Many of us share Samuel Johnson’ admission that “the biographical part of literature is what I love most,” because great writers perform the world’s most precious and enduring work. But the popularization of the Fitzgerald myth has diminished his stature and cheapened his work. He is regarded by a certain kind of Twenties buff as having scribbled his masterpieces during the course of a lifelong bender. Given the kind of writer he was, it is proper to identify Fitzgerald with his material; but it is a distortion of the record to portray him as an uncritical reveler. There was always a judging process operating in himòcombined, in his finest work, with a quality of aspiration. Zelda Fitzgerald observed after her husband’s death: “I do not know that a personality can be divorced from the times which evoke it. . . . I feel that Scott’s greatest contribution was the dramatization of a heart-broken + despairing era, giving it a new raison-d’etre in the sense of tragic courage with which he endowed it.”
F. Scott Fitzgerald created his own legends. His life frequently overshadows his work as he has become an archetypal figureòor a cluster of overlapping archetypes: the drunken writer, the ruined novelist, the spoiled genius, the personification of the Jazz Age, the sacrificial victim of the Depression. These images were largely his own fault because he dramatized his success and failure. Loving attention, he embraced his symbolic roles. The glamour, the triumph, the euphoria, the heartbreak, and the tragedy of his life were genuine; but the most important thing is what he wrote. Everything else matters only to the extent that it explicates his work or clarifies his career. But it is impossible to dissociate a great writer from his work, and Fitzgerald was one of the most personal authors.
No doubt André Maurois was correct in decreeing that “the need to express oneself in writing springs from a maladjustment to life, or from an inner conflict, which the adolescent (or grown man) cannot resolve in action.” The maladjustment may account for the compulsion to write, but not for genius. There is no way to explain why the son of an unsuccessful manufacturer of wicker furniture wrote the best American prose.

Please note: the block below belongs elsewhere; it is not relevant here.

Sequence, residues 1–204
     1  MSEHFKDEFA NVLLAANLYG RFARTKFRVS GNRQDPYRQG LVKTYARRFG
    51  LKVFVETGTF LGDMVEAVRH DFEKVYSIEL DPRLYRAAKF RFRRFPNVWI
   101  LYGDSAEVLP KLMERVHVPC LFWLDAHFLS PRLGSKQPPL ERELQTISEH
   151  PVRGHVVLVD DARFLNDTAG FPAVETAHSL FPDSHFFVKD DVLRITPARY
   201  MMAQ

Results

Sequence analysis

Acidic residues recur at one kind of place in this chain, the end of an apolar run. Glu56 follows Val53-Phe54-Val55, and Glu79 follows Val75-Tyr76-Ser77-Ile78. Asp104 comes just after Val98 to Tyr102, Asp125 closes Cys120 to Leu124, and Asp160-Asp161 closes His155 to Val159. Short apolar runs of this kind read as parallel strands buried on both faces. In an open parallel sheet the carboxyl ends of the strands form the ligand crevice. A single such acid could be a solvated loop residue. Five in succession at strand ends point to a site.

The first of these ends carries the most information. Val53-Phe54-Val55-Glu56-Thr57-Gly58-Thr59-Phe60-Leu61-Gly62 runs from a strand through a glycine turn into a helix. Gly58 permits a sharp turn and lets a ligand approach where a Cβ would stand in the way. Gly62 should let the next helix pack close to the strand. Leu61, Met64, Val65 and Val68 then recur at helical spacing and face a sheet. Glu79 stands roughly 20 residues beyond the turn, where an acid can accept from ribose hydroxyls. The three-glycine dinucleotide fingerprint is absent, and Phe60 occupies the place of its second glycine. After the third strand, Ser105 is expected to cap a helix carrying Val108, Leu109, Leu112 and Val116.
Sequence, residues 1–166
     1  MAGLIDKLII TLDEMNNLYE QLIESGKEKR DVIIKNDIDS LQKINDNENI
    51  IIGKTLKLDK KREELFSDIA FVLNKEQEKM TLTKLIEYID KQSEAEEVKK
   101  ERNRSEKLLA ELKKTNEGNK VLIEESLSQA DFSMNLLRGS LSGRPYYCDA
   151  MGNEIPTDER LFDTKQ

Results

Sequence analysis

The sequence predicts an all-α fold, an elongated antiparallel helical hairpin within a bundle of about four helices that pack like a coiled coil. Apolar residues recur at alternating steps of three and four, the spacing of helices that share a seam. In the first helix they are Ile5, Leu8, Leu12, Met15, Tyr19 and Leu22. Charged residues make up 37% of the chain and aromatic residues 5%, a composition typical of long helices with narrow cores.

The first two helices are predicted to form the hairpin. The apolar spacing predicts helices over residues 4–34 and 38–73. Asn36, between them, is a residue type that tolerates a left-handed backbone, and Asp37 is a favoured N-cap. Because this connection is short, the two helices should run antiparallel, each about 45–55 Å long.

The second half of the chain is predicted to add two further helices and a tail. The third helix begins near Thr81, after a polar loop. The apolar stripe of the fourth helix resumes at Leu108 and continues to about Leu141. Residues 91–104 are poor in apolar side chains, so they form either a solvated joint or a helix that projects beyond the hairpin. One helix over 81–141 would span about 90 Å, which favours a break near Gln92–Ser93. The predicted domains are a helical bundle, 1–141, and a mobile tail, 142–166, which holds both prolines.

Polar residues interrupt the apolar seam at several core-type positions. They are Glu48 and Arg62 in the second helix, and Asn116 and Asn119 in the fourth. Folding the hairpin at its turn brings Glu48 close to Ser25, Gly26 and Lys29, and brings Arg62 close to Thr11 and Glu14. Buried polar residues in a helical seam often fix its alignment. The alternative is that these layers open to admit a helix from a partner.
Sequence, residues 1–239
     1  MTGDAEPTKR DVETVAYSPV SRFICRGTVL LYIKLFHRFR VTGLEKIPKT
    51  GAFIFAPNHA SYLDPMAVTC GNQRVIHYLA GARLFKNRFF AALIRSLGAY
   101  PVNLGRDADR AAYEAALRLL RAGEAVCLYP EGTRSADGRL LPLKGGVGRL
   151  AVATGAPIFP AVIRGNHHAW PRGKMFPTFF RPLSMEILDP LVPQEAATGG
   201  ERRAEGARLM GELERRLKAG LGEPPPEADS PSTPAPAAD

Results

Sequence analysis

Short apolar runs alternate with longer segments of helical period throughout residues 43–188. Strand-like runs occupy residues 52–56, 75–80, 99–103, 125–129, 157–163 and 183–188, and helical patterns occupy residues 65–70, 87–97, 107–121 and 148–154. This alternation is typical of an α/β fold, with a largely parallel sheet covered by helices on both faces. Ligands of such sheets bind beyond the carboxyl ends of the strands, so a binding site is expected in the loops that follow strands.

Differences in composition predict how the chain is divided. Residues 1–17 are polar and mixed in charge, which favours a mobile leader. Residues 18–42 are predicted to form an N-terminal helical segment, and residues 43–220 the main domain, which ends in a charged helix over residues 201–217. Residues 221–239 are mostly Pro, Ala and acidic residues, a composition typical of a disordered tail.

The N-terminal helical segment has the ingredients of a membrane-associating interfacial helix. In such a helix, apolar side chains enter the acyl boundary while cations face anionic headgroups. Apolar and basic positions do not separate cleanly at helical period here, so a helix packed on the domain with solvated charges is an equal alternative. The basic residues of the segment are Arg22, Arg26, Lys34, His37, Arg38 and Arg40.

F. Scott Fitzgerald’s life had “some sort of epic grandeur.” He was a hero with many flaws, but a hero. In a professional career of twenty years he wrote three of the great American novels (one of them unfinished) and a score of brilliant stories while afflicted with a host of troubles, many of his own making. He was honorable and generous. His words endure.
At the time of his death at age forty-four, F. Scott Fitzgerald was considered an exemplary and monitory figure. There was general agreement that he epitomized his generation, that he had not fulfilled his genius, that his history provided a warning. It would have seemed hyperbolic in 1940 to claim that his elegy had been written in 1821 when Shelley mourned KeatsòFitzgerald’s favorite poetòin Adonäis:
till the Future dares / Forget the Past, his fate and fame shall be / An echo and a light unto Eternity!
- Revised from Matthew J. Bruccoli’s Some Sort of Epic Grandeur: The Life of F. Scott Fitzgerald, second revised edition (Columbia: University of South Carolina Press, 2002).
This F. Scott Fitzgerald Centenary website was launched in 1996, the 100th anniversary of his birth. The site is designed to increase awareness of a great American writer and to celebrate his writings, his life, and his relationship with other writers of the twentieth century. The website draws extensively on books, photographs, and related materials in the Matthew J. and Arlyn Bruccoli Collection of F. Scott Fitzgerald at at the Thomas Cooper Library, University of South Carolina.
This page updated December 4, 2003.
Copyright 2003, the Board of Trustees of the University of South Carolina.